Skip site navigation (1)Skip section navigation (2)

FreeBSD Manual Pages


home | help
RAWTEXTFREQ(1)	      User Contributed Perl Documentation	RAWTEXTFREQ(1)

NAME -	Compute	Information Content from Raw / Plain Text

SYNOPSIS --outfile OUTFILE [--stopfile=STOPFILE]
		      {--stdin | --infile FILE [--infile FILE ...]}
		       [--wnpath WNPATH] [--resnik] [--smooth=SCHEME]
		       | --help	| --version


	   The name of a file to which output should be	written


	   A file containing a list of stop listed words that will not be
	   considered in the frequency counts.	A sample file can be down-
	   loaded from


	   Location of the WordNet data	files (e.g.,


	   Use Resnik (1995) frequency counting


	   Smoothing should used on the	probabilities computed.	 SCHEME	can
	   only	be ADD1	at this	time


	   Show	a help message


	   Display version information


	   Read	from the standard input	the text that is to be used for
	   counting the	frequency of words.


	   The name of a raw text file to be used to count word	frequencies.
	   This	can actually be	a filename, a directory	name, or a pattern (as
	   understood by Perl's	glob() function).  If the value	is a directory
	   name, then all the files in that directory and its subdirectories will
	   be used.

	   If you are looking for some interesting files to use, check out
	   Project Gutenberg: <>.

	   This	option may be given more than once (if more than one file
	   should be used).

       This program reads a corpus of plain text and computes frequency	counts
       from that corpus	and then uses those to determine the information
       content of each synset in WordNet. In brief it does this	by first
       assigning counts	to each	synset for which it obtains a frequency	count
       in the corpus, and then those counts are	propagated up the WordNet
       hierarchy. More details on this process can be found in the
       documentation of	the lin, res, and jcn measures in WordNet::Similarity
       and in the publication by Patwardhan, et. al.  (2003) referred to

       The utility programs,,, all	function in exactly the	same way as this plain text
       program (, except	that they include the ability to deal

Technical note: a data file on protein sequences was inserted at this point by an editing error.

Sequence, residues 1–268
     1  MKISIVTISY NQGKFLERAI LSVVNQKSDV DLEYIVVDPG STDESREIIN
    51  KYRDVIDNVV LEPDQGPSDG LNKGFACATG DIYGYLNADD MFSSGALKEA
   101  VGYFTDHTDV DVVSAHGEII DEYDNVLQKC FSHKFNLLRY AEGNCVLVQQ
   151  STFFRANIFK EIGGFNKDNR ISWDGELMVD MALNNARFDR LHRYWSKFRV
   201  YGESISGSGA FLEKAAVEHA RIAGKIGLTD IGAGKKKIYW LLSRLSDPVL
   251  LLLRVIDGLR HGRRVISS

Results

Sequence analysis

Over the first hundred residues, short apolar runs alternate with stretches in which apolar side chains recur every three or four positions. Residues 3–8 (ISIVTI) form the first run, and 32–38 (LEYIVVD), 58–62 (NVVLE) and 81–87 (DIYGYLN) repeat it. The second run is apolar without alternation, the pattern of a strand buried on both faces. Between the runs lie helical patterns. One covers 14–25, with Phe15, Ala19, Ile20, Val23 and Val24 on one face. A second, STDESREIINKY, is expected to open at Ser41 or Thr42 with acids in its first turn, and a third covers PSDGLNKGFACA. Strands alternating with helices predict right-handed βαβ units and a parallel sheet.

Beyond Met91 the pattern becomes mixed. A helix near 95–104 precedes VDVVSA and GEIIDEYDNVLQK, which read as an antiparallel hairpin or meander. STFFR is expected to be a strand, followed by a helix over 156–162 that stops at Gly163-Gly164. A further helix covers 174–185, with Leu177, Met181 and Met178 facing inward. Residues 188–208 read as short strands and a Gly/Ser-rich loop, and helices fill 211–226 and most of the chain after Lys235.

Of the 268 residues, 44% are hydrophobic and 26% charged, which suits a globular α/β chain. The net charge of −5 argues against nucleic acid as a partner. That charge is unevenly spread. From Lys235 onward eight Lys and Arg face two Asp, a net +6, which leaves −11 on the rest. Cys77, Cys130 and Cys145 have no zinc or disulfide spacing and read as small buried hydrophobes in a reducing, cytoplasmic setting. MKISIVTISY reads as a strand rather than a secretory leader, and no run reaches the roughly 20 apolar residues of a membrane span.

with the	format of the corpus with which	they are used.

       None of these programs requires sense-tagged text; instead they simply
       distribute the counts of	the observed form of word to all the synsets
       in the corpus to	which it could be associated. The different forms of a
       word are	found via the validForms and querySense	methods	of

       For example, if the observed word is 'bank', then a count is given to
       the synsets associated with the financial institution, a	river shore,
       the act of turning a plane, etc.

   Distributing	Counts to Synsets
       If the corpora is sense-tagged, then distributing the counts of sense-
       tagged words to synsets is trivial; you increment the count of each
       synset for which	you have a sense tagged	instance. It is	very hard to
       obtain large quantities of sense	tagged text, so	in general it is not
       feasible	to obtain information content values from large	sense-tagged

       As such this program and	the related * utilities are all trying
       to increment the	counts of synsets based	on the occurence of raw
       untagged	word forms. In this case it is less obvious how	to proceed.
       This program supports two methods for distributing the counts of	an
       observed	word forms in untagged text to synsets.

       One is our default method, and we refer to the other as Resnik
       counting. In our	default	counting scheme, each synset receives the
       total count of each word	form associated	with it.

       Suppose the word	'bank' can be associated with six different synets. In
       our default scheme each of those	synsets	would receive a	count for each
       occurrence of 'bank'. In	Resnik counting, the count would be divided
       between the possible synsets, so	in this	case each synset would get one
       sixth (1/6) of the total	count.

   How are These Counts	Used?
       This program maps word forms to synsets.	These synset counts are	then
       propagated up the WordNet hierarchy to arrive at	Information Content
       values for each synset, which are then used by the Lin (lin), Resnik